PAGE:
I wish I could somehow portray visiting an orphanage in a third-world country, but ask anyone who's ever done it, and I'm sure they'll say it's far beyond words.
I wish I could show you the face of every orphan.
I wish I could tell every one of their stories.
The older ones who have watched their siblings find families and have rejoiced for them,
who have begun to take on more chores at the orphanage,
who will probably leave the orphanage not having a family.
The youngest little one,
a precious little gift,
who will not even try to talk
and who hardly ever smiles.
The boys who pick on the younger ones,
the girls who leave others out.
The ones who pass their food over to the one who is most malnourished,
and go hungry themselves.
There is good and hurt and pain and joy and perseverance and hope.
And I guess what most impressed me was how very, very small the world of these orphans is until they are adopted.
A few small hallway-like rooms with bunks,
a medium-sized common room,
a small patio
and a sloping yard.
That's pretty much it,
except for the view. And what a view!
The ones who are old enough are taught there, and the younger ones are loved as well as 40 children can be loved by 4 nannies.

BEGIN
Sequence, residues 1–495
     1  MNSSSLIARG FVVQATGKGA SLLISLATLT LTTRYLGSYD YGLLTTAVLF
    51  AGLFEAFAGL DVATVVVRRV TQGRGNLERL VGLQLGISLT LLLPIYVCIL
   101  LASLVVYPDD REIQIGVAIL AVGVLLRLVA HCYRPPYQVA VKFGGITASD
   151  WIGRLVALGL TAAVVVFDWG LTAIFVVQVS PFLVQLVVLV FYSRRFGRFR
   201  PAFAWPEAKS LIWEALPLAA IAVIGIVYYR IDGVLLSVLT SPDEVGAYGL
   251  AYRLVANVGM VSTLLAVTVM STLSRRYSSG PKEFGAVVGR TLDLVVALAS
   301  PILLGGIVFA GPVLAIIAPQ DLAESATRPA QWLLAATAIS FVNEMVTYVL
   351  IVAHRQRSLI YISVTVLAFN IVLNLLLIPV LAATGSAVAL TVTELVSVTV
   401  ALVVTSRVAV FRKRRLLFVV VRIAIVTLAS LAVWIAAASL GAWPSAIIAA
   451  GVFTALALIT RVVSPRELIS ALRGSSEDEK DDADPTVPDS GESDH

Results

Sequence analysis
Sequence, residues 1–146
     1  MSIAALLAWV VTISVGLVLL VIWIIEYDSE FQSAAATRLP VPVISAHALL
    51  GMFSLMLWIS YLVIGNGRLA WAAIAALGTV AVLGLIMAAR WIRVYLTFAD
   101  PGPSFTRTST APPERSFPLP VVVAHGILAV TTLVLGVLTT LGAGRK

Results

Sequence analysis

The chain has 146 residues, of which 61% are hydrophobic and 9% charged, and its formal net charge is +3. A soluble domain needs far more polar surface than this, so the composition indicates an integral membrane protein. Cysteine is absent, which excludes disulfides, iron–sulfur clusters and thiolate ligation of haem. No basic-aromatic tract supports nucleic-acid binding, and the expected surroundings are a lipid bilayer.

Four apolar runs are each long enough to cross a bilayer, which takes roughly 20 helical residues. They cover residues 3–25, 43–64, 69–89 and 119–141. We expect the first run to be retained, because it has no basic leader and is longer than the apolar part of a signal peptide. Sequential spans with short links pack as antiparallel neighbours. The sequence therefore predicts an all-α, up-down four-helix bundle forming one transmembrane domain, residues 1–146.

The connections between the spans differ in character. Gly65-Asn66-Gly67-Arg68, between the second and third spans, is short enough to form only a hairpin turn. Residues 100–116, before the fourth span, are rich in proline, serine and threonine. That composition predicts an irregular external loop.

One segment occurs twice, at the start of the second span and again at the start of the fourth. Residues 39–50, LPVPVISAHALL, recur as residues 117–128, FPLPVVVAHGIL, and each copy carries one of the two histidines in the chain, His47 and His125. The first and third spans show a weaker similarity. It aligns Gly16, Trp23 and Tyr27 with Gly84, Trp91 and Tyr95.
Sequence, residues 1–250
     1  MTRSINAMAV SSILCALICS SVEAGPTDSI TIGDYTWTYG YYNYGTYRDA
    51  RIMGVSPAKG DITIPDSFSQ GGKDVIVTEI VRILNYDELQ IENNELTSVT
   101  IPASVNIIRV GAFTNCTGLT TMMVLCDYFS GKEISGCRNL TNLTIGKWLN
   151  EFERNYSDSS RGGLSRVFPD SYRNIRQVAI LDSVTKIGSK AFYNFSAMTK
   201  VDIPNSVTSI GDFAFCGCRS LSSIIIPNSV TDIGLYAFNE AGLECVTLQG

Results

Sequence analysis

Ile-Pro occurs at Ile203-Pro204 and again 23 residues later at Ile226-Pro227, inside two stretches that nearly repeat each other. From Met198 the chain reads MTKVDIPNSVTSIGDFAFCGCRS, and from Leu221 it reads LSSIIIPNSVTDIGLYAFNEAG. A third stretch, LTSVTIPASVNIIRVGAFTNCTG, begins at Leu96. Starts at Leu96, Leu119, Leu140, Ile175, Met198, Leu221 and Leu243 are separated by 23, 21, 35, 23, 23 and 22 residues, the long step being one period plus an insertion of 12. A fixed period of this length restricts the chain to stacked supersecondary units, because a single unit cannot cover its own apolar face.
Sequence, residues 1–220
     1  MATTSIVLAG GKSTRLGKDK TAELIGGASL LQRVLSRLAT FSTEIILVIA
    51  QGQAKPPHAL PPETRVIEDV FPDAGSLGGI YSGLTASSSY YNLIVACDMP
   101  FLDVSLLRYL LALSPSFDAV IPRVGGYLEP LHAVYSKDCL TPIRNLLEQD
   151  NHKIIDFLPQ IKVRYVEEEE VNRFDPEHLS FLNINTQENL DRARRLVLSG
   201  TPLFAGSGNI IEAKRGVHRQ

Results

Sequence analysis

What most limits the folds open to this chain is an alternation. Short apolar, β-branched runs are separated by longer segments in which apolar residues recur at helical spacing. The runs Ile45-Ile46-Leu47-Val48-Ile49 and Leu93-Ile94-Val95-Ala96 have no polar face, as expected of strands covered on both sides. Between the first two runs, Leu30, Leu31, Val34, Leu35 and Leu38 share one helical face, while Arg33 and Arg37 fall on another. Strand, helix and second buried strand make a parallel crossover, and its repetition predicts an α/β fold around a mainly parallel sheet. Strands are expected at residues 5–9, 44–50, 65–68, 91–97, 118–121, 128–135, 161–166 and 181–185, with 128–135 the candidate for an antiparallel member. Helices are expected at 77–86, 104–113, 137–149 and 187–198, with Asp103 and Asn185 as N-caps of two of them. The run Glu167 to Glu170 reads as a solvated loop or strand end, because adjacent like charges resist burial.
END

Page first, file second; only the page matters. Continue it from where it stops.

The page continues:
And they wait. For a home, for a purpose, for a
It was good to see where our boys spent their time in between their Ugandan family and their American family. It was good to meet their friends. To have faces to put with names.
I am glad we visited the orphanage, and oh, I am so glad that we could leave the orphanage.
That may sound terrible, but I was glad to leave with our five children.
We pray that each of the children left behind finds a family
and we pray for the day, the heavenly day when orphanages are no longer necessary.
P.S. This orphanage is undergoing some pretty major updating and finishing and construction and is in desperate need of funds. If you or anyone you know might be interested, just let me know. I can give you much more info.